December 2019 - Learning To Fall
Written by by Kim F. Miller
Sunday, 01 December 2019 08:36
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Minimizing injury risks is the focus of four Landsafe Equestrian clinics in California this month.

by Kim F. Miller

Nobody doubts that riding is a physically dangerous sport, but there is disagreement over what can be done to reduce risks. Some accept the risks and carry on and some accept the risks and do everything possible to minimize injuries when the inevitable falls or necessary sudden dismounts occur.


The three-year-old program Landsafe Equestrian is firmly in that latter camp. Staging four clinics in California this month, during a larger West Coast tour, the program was created by riders Danny and Keli Warrington. It is steadily growing the ranks of proactive riders intent on improving their odds of walking away from potentially terrible falls without devastating injuries.

The core of the two-day clinics are gymnastic exercises and work on a mechanical horse programmed to dislodge riders in a realistic simulation of the speed and impact of a real fall.

The first day starts with two hours of gymnastics skill building. The emphasis is on rolling safely and with a body shape most able to protect the head and neck and to decelerate the impact. Later that day, these new skills are transferred to the mechanical horse. The second day revisits those skills, then spends more time on the simulator working with various of types of falls and dangerous situations: like the right way to roll off and away from the horse in a rotational fall and developing the instincts for when to eject from the saddle when a horse rears.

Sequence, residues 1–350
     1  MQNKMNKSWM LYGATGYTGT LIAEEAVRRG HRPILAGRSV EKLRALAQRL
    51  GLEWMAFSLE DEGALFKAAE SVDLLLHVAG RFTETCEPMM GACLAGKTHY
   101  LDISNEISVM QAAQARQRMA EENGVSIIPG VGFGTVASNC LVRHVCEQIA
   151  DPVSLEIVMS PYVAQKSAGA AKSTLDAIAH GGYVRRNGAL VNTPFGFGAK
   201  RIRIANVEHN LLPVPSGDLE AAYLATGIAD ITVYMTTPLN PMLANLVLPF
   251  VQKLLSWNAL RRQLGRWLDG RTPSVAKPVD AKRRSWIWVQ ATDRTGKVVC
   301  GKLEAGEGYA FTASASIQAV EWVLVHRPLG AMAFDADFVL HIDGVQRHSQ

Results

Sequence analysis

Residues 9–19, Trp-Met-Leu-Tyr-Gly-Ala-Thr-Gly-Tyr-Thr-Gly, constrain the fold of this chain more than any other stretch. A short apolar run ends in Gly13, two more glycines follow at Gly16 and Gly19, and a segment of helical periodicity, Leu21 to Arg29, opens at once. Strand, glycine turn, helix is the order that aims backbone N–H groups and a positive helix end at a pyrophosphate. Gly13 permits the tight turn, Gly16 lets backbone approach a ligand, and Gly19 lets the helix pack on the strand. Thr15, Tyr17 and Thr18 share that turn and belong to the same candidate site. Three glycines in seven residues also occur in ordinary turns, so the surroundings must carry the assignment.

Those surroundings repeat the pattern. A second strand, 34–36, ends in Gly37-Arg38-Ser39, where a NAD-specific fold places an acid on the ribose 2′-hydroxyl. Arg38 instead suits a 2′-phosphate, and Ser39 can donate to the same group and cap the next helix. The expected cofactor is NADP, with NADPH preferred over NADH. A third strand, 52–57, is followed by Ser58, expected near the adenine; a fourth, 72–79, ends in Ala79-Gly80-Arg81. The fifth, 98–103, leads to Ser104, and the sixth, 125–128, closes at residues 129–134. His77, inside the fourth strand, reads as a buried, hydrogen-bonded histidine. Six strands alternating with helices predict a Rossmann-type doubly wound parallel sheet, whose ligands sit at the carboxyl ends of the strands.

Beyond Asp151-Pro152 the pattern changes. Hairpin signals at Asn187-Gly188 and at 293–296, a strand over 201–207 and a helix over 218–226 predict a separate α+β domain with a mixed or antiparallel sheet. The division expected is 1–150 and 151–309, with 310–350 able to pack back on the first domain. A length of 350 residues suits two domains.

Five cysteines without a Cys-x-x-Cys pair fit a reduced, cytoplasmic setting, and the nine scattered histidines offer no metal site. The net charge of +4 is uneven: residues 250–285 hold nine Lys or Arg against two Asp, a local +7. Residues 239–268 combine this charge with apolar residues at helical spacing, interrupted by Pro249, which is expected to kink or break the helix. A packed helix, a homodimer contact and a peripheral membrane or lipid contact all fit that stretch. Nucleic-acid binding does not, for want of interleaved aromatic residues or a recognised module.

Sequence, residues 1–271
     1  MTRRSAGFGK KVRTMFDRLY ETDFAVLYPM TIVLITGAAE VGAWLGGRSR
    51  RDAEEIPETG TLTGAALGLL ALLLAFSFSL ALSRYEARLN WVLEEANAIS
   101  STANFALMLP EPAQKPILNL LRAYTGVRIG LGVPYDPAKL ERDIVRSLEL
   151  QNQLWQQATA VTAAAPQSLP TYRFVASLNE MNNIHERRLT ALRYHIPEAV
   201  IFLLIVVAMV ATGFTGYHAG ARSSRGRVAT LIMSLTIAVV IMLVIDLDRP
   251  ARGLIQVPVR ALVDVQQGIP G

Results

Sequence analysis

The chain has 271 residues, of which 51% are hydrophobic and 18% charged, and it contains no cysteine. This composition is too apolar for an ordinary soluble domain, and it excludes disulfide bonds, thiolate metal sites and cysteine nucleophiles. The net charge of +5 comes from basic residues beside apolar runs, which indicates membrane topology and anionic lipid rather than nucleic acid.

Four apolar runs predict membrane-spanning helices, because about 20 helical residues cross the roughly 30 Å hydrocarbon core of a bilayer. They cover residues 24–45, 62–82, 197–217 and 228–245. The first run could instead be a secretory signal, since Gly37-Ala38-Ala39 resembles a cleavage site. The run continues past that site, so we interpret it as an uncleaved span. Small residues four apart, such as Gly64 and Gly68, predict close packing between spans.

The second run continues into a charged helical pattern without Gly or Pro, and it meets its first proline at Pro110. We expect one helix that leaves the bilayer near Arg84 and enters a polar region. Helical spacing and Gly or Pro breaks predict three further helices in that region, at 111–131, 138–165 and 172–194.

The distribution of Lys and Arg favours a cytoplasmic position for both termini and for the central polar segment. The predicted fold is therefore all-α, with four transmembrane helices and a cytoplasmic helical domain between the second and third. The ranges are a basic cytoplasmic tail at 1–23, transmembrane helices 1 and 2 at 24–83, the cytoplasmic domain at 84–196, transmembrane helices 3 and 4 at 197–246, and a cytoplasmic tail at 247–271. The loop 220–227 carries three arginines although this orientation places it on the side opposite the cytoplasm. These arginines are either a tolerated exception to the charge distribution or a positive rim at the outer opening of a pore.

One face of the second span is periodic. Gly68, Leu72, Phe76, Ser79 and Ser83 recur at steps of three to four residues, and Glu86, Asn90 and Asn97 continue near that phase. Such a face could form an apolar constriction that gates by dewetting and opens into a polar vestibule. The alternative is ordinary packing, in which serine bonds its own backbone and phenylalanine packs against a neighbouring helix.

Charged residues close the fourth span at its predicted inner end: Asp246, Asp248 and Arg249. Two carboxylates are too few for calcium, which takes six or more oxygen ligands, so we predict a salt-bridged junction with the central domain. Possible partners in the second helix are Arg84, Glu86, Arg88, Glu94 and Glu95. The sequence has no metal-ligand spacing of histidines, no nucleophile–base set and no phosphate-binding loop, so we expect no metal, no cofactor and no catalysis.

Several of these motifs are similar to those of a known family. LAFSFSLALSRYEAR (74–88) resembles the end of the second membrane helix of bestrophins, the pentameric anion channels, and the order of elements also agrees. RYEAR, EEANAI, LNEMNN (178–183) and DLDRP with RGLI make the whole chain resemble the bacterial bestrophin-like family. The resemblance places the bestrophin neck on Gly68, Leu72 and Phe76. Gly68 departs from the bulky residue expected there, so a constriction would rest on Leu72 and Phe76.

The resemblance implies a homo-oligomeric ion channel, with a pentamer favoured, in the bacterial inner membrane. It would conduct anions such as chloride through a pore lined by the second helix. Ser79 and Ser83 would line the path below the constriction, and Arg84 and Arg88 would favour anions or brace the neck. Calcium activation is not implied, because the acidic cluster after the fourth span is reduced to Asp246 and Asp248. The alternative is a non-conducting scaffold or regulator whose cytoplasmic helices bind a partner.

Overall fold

In all phases, the goal is building muscle memory, body awareness and control and the rider’s confidence in activating the training in the heat of what Danny calls the “Oh crap!” moment. “It’s a training program designed to teach the best practices of fall prevention and response,” he explains.

Danny is a former steeplechase rider turned FEI level eventer. His first wife, Amanda Warrington, died of injuries sustained during a 4* competition in 1998. He has since been a strong voice for riders taking personal responsibility for “playing the sport safely,” as he wrote in a moving 2008 Chronicle of the Horse article. Keli has an extensive background as a gymnast.

A

s horsemen, both are eventers, and that’s the discipline that first embraced this still-new Landsafe Equestrian program. In 2018, the United States Eventing Association offered members a grant-funded discount on the cost of participating in the clinics. With its cross-country phase in which horses and riders gallop over permanent obstacles, eventing has been in the rider (and horse) safety spotlight for many years so its embrace of Landsafe is not surprising. More recently, the United States Hunter Jumper Association reached out to Landsafe, Danny reports. The training will be incorporated into USHJA educational programs in the fall of 2020, he says.

No need to wait until a governing body formally adopts the program, Danny stresses. Some professionals make Landsafe participation a prerequisite of joining their training program. Danny hopes the safety training will become as ubiquitous in equestrian sports as it is in many mainstream sports.  Gymnasts, he notes, learn to fall safely and avoid their sport’s most common injuries in their earliest phases of participation.